I (she/her) work happily in a customer-service type of position. The job is pretty chill, except on weekends when it can get hectic. Because I’m the most senior employee, I am often called upon to train the new recruits. I’ve been doing this for a long time and my reputation as a trainer is that my trainees usually end up successful in the role. I’ve received feedback that I’m a stern but fair coach, and that I’m a supportive teacher albeit with high standards. For some context, I’m typically more than a decade older than my trainees.
One of these newbies (she/her) is a delightful and funny person with a good head on her shoulders who I can see doing well here. It’s her very first job ever, so she’s learning a lot very fast and so far she’s grasping everything wonderfully. But I’m encountering a problem that I’ve never dealt with professionally before – she’s got a debilitating Case of the Sorries.She says “sorry” CONSTANTLY, and is visibly panicked much of the time, especially in front of guests. She trembles like a leaf when I give her even the most gentle and innocuous feedback, followed of course by “I’m SO sorry!” She hyperventilates while speaking to customers and says sorry when they ask if she’s alright. When I’m teaching her something, she’s apologizing for not knowing the task already, but why would she expect herself to know when I’m not done teaching it?
I wish it didn’t bother me as much as it does. I could be wrong but I’ve never gotten the sense that I’m a monstrous tyrant who eats newbies for breakfast, so I’m having trouble letting her behavior just roll off my back. Still, the truth is, I’M the problem. It’s not that her sorries annoy me – it just brings up a lot of Feelings when she’s cowering and whimpering at my feet for mercy.I grew up with a highly anxious and tightly-wound parent, who was prone to screaming and crying fits of confusion and anger when stressed or upset. Sometimes this would happen in the car when they were driving while inconsolably freaked out, putting mine and my siblings’ safety at risk. Sometimes this would happen in public, meaning that if I didn’t salvage the situation, we’d never make it out of the store or through the airport or whatever. When my parent would experience meltdowns, I felt forced over and over to step in and calm them down for the sake of stability. Despite being a minor, I was always the one keeping a level head. In an emergency, real or perceived, it became my job to parent my parent.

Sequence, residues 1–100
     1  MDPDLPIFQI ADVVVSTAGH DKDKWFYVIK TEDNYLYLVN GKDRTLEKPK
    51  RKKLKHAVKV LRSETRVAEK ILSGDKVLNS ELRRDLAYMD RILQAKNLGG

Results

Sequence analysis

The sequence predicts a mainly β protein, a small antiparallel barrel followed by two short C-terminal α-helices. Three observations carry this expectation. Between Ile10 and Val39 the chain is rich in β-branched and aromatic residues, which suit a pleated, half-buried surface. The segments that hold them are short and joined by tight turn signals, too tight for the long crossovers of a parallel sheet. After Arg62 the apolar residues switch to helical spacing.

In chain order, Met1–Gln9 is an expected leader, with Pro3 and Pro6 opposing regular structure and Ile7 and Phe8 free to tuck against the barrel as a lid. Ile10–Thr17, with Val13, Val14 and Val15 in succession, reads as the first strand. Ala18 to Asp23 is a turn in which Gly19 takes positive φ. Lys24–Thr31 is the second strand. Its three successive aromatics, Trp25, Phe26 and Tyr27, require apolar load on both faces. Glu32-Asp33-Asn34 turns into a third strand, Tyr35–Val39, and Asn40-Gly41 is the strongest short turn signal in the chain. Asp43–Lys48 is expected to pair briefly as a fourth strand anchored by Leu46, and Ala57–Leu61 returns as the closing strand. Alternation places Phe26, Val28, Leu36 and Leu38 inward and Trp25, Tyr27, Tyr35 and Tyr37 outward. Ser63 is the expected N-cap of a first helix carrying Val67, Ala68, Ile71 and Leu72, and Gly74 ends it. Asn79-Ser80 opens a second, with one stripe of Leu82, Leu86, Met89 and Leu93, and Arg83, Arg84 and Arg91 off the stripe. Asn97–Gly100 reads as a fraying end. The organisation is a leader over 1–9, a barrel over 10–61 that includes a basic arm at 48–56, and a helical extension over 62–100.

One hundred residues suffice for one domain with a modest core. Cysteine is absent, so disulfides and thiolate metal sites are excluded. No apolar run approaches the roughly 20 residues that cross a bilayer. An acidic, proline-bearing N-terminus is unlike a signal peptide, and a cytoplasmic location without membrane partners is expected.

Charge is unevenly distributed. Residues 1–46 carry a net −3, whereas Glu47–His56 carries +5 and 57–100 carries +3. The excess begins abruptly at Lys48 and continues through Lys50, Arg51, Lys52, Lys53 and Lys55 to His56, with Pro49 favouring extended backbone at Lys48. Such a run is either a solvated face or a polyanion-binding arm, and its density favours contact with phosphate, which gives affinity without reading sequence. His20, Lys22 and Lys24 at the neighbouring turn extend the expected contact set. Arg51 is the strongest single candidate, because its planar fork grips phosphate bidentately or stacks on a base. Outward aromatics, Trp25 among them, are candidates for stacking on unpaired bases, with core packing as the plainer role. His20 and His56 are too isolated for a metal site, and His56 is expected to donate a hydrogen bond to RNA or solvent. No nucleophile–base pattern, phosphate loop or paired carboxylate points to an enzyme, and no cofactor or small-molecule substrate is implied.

When my easily-frazzled newbie starts exhibiting the symptoms of panic that I’m so painfully attuned to, it puts ME in fight-or-flight mode. My brain, having been mis-wired in my formative years, always thinks that if someone around me is in a panic, and I don’t fix them, I’m going to die. I care about my trainees and want their happiness and success. They’re all nice kids that I respect and like. But I become at war within myself when faced with this particular newb. The trainer part of me wants to bring the hammer down and correct this behavior, because the line of customers is still out the door and work still needs doing whether or not you’re upset. But I know that’s not fair and I’m not sure how I could say this to her in a way that would not devastate her.
The parent-ified part of me wants to gather her up like an injured hatchling in my gently cupped hands and softly say, “Oh sweet little baby bird, please don’t be upset. It’s okay. I won’t let anything happen to you. You don’t have to be so scared. Everything’s alright.”My inner child is frustrated and upset with her for making me feel this way. Nobody asked me to expend all the emotional labor that I’m spending soothing her and being an emotional anchor, not to mention all the overthinking I’m doing about it, but I feel like I cannot help it. Why can’t I go to pieces and cry at the drop of a hat too? Because if I do, everything will fall apart. I’m not allowed to get emotional. I have to be the adult all the time, and I’m resentful that she is so needy of validation and reassurance.
I welcome any advice or thoughts you may have. How can I make peace with her behavior when it makes me spiral? How do I manage my resentment when she’s done nothing wrong? Can I reframe this some way in my head that would make it easier to deal? And do you have any thoughts on providing professional feedback and criticism to someone who needs to be treated with kid gloves? I’m hesitant to armchair diagnose as we’re not friends and I don’t know her background, but it feels safe to say she seems emotionally fragile and I’m not sure I’m equipped to handle it.
–A Bird In The Hand Is Making Me Sad
Dear Bird In The Hand,
I had a feeling that Alison over at Ask A Manager would know how to solve this exact scenario, and her approach is solid. Her script for someone in a similar situation is, “Please don’t worry about apologizing. I just want to make sure you understand the corrections I’m giving you and that you know what to do differently next time. Do you feel like you have the information that you need now?”